When specialty coffee fulfills its reputation for pretentiousness, pristine new shops seem to swoop down from above and glide into a neighborhood like swans into a duck pond. In Rochester, N.Y., a new multiroaster serves meticulously crafted drinks made from coffees roasted by some of North America’s finest roasteries, although as swan-like as that sounds, Ugly Duck Coffee strives to make everyone feel at home.
“We didn’t want to be super coffee-related, we just wanted to have fun and have a more relaxed atmosphere and be very approachable,” Ugly Duck cofounder Rory Van Grol told Daily Coffees News about the name of the shop that’s currently in soft-opening mode. “It breaks that barrier down.”
In the 900-square-foot former home of the Little Bakery, Ugly Duck opened its doors last week with a Gesha roasted by Denver, Colo.’s Sweet Bloom Coffee Roasters and the Leftist Espresso blend from Ithaca, NY’s Gimme! Coffee in their Mahlkonig K30 Air hopper for a straightforward espresso menu facilitated by the classic industry workhorse, the La Marzocco Linea EE. Samples on the short list for possible inward rotation include coffees from Four Barrel out of San Francisco, and Detour from Toronto, Canada.
For the opening stretch, brewed options come by way of Walter, the Ugly Duck Fetco brew tower. “Walter’s a good, dependable old man,” Van Grol said affectionately, noting that they’ll also soon roll out what he described as an “intentional” slow brew bar as well.
“We’ll offer what we think is highlighted the best on whatever pourover method we want, and then go from there,” said Van Grol, who anticipates this being a more efficient and simple way of offering a variety of coffees and brew methods without saddling baristas with several different recipes and potential need to adjust grinders for each individual coffee.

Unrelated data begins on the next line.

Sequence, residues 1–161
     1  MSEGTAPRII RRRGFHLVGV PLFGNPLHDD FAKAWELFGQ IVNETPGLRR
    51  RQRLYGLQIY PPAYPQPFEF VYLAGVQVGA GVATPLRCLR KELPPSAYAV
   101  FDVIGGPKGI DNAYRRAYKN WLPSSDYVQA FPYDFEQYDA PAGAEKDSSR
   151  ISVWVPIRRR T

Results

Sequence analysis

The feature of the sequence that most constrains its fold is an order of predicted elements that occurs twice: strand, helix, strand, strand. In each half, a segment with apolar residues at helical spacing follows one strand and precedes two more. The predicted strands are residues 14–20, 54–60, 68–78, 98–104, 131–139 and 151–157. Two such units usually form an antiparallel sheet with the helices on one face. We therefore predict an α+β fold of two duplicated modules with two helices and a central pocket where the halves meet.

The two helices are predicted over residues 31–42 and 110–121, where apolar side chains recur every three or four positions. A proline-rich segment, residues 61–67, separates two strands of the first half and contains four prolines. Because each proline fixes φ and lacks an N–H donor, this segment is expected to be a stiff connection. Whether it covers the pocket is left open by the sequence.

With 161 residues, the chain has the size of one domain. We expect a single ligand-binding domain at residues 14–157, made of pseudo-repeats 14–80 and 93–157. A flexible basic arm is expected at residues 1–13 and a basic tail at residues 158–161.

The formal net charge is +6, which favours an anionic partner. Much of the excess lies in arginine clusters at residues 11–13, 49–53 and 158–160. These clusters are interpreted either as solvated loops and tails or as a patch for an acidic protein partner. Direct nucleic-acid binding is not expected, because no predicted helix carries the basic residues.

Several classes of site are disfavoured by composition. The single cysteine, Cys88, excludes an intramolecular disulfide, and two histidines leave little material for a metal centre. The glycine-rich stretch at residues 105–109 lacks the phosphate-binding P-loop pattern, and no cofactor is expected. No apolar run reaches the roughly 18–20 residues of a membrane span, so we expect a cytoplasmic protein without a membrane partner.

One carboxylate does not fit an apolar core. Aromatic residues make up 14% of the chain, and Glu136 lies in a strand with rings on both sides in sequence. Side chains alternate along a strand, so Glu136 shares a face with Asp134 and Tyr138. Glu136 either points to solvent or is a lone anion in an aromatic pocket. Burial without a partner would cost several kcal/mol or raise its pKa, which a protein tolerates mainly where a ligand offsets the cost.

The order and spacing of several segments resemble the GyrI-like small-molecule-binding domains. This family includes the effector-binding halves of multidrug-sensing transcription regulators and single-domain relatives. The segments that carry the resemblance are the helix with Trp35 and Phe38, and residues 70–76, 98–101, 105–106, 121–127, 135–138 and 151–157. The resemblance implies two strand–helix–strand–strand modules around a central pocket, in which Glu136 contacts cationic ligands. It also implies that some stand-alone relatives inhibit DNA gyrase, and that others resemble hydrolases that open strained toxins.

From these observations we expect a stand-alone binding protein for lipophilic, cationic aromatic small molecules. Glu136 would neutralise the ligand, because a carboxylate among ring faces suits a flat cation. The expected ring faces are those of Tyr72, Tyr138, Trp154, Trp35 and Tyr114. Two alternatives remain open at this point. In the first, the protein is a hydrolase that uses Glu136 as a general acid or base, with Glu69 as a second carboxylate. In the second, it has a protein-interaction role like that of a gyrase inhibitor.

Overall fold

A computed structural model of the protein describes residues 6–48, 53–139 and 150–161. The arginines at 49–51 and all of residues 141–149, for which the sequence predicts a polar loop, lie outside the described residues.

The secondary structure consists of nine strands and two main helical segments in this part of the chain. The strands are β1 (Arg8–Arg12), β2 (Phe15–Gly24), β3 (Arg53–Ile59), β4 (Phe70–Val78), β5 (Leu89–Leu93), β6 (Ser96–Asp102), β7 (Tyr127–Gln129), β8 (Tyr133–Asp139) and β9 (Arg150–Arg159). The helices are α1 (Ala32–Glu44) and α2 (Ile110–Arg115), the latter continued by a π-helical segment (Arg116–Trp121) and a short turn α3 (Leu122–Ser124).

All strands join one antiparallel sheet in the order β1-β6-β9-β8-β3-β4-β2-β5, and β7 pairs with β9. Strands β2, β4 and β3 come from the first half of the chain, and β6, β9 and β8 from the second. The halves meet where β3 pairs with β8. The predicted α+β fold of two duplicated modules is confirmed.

Though they wanted to wade into the water with a soft-opening, Ugly Duck found their newly opened doors to be like floodgates, with business going immediately strong, fueled by enthusiastic word of mouth and social media buzz. Getting up to speed has therefore become a speedy process in itself, which actually suits the business well as they transition into stationary retail from about a year of catering, pop-ups and special events, which they still do.
At weddings for example, guests typically all have coffee at once, and with their traveling setup of a paddle-actuated La Marzocco GS3 and Chemex brewers, they just recently catered a wedding of 300 people.
Van Grol fell in love with specialty coffee instantly upon landing a position doing back-end work for the Providence, R.I., roasting company New Harvest Coffee Roasters, and then honed his barista skills with Joe Bean Roasters after moving back to his hometown of Rochester in 2010.
Five years later he was voted Best Barista by readers of a local newspaper. “I was very humbled to win something that I did not try to win,” laughed a modest Van Grol, adding that while he would love to learn more about roasting, he prefers to stick to what he knows and let those that know roasting do what they do best.
“I would love to learn how to roast, but as a business, I don’t want to take anything on that I don’t know hands-on,” Van Grol said. “I’m going to leave that to the people that I think do a really wonderful job.”
Apart from occasional appearances near copacetic food-related businesses around town, Ugly Duck also mines the multi-retail concept by popping up in places of non-food business as well. “We’ve been trying to do something at one of our favorite record stores in town, but their doors aren’t big enough to get our mobile cart through,” said Van Grol, who’s also the lead singer for Rochester-based hardcore punk band Achilles. “But they do a record fair, so we did that, which was awesome.”
Looking ahead, should the brick-and-mortar location perform well, Ugly Duck’s expansion plan might take the form of additional micro-shops within “nooks and crannies” of other businesses and hotels, rather than additional standalone coffeehouses. It’s a concept they’ve already tested through their pop-ups, one of which have happened in partnership with a local skate shop for Small Business Saturday this past year. Other pop-ups have occurred inside apparel shops such as West Elm, Anthropologie, a local independent vintage clothes shop and a vintage modern furniture store.
“If you walk in somewhere, and you’re like, ‘Wow this place is cool. Oh, you have coffee?’ I’m getting coffee,'” said Van Grol with a laugh. “For me it doesn’t matter. I’ll go to this store to possibly buy something, but if you had coffee that was really good, I’d definitely have coffee.”